Locating a leak in high pressure water plastic plumbing

In summary, the hottub has a leak in its high pressure plastic plumbing. The problem is that the dye is not very effective and it is difficult to examine the plumbing without completely draining the tub of water. Danger's brilliant idea of looking for the leak has inspired me to try looking with the water still in it.
  • #1
DaveC426913
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My hottub has a leak in its high pressure plastic plumbing. I've replaced what parts I can but am having trouble locating the leak since I have to drain the tub completely to examine it.

Can anyone suggest a dye or something that will allow me to locate the leak even after the water is drained? It needs to be something that will not gum up the parts or permanently stain the tub lining.

I tried a mixture of food dye but it is not very effective because
1] the water must be many gallons to fill the system, thus it is dilute
2] the dye escapes and mixes easily, obscuring exactly where it's coming from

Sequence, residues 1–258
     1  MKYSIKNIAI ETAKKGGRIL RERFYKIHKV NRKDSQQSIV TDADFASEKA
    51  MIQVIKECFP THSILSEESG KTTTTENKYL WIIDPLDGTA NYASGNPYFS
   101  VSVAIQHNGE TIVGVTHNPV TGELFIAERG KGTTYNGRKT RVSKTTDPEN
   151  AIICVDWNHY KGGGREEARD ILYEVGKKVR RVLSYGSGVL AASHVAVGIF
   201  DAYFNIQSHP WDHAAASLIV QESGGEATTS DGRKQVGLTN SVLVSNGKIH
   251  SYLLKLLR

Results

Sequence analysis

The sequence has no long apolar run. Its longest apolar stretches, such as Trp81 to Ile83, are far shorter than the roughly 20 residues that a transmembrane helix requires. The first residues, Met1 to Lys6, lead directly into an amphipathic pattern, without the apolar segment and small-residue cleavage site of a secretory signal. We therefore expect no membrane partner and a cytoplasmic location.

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  • #2
Dunno how big your system is, but some of the dye they use to trace underground waterways will do the job. Wonder what it's called; if you find out let me know!
 
  • #3
Well, it's just a hottub. The plumbing itself holds maybe 20 gallons; the tub, about 300.

Problem with dyes is that they'll stain the tub.

I suppose one other thing I can do is raise the whole kit & kaboodle up so I can get under it and see the drip. I'm not relishing crawling under something that weighs a ton or more. Or building a truss that'd hold it.